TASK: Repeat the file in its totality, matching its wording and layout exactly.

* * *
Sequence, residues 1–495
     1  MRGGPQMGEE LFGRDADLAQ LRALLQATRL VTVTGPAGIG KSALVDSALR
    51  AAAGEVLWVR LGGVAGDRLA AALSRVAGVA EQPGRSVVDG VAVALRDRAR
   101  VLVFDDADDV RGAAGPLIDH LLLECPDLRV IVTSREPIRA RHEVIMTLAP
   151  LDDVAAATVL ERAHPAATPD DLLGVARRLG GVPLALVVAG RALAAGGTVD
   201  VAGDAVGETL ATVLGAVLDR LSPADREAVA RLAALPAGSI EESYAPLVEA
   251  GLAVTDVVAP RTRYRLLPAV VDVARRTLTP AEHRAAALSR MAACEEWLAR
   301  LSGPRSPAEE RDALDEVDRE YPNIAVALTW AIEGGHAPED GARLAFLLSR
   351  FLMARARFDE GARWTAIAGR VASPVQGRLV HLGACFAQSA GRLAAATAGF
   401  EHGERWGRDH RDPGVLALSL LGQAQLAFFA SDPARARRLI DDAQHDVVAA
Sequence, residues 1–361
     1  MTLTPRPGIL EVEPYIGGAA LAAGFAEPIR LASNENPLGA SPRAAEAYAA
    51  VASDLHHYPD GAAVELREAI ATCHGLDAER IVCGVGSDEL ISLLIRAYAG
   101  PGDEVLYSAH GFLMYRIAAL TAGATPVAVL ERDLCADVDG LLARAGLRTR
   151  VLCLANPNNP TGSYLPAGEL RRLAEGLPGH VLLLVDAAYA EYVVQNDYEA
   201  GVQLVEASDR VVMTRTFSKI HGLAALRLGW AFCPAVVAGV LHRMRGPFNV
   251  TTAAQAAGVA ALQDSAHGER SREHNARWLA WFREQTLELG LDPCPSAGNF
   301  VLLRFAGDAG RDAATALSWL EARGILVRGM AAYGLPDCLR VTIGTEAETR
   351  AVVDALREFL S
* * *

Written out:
Sequence, residues 1–495
     1  MRGGPQMGEE LFGRDADLAQ LRALLQATRL VTVTGPAGIG KSALVDSALR
    51  AAAGEVLWVR LGGVAGDRLA AALSRVAGVA EQPGRSVVDG VAVALRDRAR
   101  VLVFDDADDV RGAAGPLIDH LLLECPDLRV IVTSREPIRA RHEVIMTLAP
   151  LDDVAAATVL ERAHPAATPD DLLGVARRLG GVPLALVVAG RALAAGGTVD
   201  VAGDAVGETL ATVLGAVLDR LSPADREAVA RLAALPAGSI EESYAPLVEA
   251  GLAVTDVVAP RTRYRLLPAV VDVARRTLTP AEHRAAALSR MAACEEWLAR
   301  LSGPRSPAEE RDALDEVDRE YPNIAVALTW AIEGGHAPED GARLAFLLSR
   351  FLMARARFDE GARWTAIAGR VASPVQGRLV HLGACFAQSA GRLAAATAGF
   401  EHGERWGRDH RDPGVLALSL LGQAQLAFFA SDPARARRLI DDAQHDVVAA
Sequence, residues 1–361
     1  MTLTPRPGIL EVEPYIGGAA LAAGFAEPIR LASNENPLGA SPRAAEAYAA
    51  VASDLHHYPD GAAVELREAI ATCHGLDAER IVCGVGSDEL ISLLIRAYAG
   101  PGDEVLYSAH GFLMYRIAAL TAGATPVAVL ERDLCADVDG LLARAGLRTR
   151  VLCLANPNNP TGSYLPAGEL RRLAEGLPGH VLLLVDAAYA EYVVQNDYEA
   201  GVQLVEASDR VVMTRTFSKI HGLAALRLGW AFCPAVVAGV LHRMRGPFNV
   251  TTAAQAAGVA ALQDSAHGER SREHNARWLA WFREQTLELG LDPCPSAGNF
   301  VLLRFAGDAG RDAATALSWL EARGILVRGM AAYGLPDCLR VTIGTEAETR
   351  AVVDALREFL S